SAN BENITO — After months of debate, the city appears prepared to borrow $10.1 million — mostly to comply with a state order to overhaul its sewer system.
Later today, city commissioners are expected to consider plans to sell certificates of obligation to fund $7.4 million in sewer system upgrades or face hefty state fines stemming from sewage spills about nine years ago.
The city plans to meet the Texas Commission on Environmental Quality’s three-year deadline requiring it to refurbish six sewer lift stations as a result of nine sewage spills totaling 49,000 gallons near the Arroyo Colorado in 2009 and 2010.
Another $2.7 million would fund the replacement of a water main that sprung a leak a few years ago.
For months, commissioners have sought options to the sale of bonds, including a public-private partnership in which the city would borrow money from a private developer.
However, Don Gonzalez, the city’s financial consultant with Estrada-Hinojosa Co., recommended the issuance of certificates of obligation, arguing private financing would likely come at a costlier price.
Currently, the city’s long-term debt stands at about $30 million to be paid through 2032, Gonzalez told commissioners last month.
Yesterday, newly-elected City Commissioner Rick Guerra said he opposes the plan to borrow money and continues to seek an option.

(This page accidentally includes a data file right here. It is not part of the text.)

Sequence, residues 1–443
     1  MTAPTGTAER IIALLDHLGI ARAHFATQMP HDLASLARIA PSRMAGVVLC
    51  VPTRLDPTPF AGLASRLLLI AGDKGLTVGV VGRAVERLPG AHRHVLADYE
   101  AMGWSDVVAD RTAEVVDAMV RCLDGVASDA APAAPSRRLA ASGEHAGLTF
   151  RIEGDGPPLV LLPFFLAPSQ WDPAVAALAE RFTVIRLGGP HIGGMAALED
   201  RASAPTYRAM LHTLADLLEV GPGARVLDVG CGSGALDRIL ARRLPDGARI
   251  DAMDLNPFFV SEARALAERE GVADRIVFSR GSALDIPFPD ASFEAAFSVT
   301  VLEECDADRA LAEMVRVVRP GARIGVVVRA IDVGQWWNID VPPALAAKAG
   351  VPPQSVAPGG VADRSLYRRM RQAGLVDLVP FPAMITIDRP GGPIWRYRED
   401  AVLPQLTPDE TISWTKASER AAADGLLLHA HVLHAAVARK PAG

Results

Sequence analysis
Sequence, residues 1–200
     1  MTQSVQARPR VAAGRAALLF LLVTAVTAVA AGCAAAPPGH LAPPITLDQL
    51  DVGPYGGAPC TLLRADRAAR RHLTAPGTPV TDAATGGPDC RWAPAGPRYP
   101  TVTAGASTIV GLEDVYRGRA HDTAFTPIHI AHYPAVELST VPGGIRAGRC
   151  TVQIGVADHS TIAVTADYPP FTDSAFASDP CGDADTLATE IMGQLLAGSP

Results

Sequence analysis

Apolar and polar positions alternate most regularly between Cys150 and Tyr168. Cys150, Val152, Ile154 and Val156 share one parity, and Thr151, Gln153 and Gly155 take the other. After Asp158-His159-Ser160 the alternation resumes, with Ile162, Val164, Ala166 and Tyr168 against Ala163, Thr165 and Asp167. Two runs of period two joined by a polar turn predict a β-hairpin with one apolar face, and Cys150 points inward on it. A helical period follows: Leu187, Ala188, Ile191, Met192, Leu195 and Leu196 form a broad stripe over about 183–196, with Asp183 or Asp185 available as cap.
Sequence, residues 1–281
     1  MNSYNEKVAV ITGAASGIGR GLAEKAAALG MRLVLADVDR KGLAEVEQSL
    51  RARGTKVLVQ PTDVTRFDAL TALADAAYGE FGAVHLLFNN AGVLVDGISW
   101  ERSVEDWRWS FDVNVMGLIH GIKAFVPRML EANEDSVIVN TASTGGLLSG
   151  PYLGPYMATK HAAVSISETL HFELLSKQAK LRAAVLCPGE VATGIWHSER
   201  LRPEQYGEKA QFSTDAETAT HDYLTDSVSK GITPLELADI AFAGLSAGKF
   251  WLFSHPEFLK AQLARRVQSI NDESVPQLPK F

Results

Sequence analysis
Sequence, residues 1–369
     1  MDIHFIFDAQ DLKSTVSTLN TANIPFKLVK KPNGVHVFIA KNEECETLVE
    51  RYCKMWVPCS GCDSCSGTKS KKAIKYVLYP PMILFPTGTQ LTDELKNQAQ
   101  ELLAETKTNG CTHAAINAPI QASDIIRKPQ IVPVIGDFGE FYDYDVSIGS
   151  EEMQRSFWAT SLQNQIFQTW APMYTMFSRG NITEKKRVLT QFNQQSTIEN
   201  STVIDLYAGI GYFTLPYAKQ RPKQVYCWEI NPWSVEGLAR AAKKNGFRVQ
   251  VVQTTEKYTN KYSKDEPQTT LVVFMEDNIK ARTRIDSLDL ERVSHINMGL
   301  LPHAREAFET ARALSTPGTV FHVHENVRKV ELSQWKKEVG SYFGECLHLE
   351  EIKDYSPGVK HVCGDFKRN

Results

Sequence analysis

“I’m against it,” Guerra said. “It will increase debt.”
Guerra questioned the reason the city’s past administrations did not upgrade the sewer lift stations following the state order in 2012.
“Why did the past administrations wait so long? Now we don’t have time,” Guerra said, referring to the state’s three-year deadline.
“The people of San Benito are going to be pointing fingers at us,” Guerra said. “Now what choice is there? We don’t have enough money in reserves to (fund) something like that in cash. I’m still looking to see what we can do. I’m looking for other options.”
For about five years, the city has been working to comply with the 10-year state program aimed at upgrading the sewer system to avoid severe penalties stemming from the spills.
As part of the 2012 agreement, the state gave the city until March 2023 to comply with numerous requirements aimed at upgrading its sewer system.
In 2011, the city sold about $7 million worth of certificates of obligation to borrow money to help launch the project.
So far, the city has upgraded lift stations, improved thousands of feet of sewer lines, repaired or replaced hundreds of manholes, turned its old sewer plant into a wetlands area and made many other improvements, according to a report from city-contracted engineer Victor Gutierrez.
$7.4 million – upgrade of six sewer lift stations
$2.7 million – replacement of main water line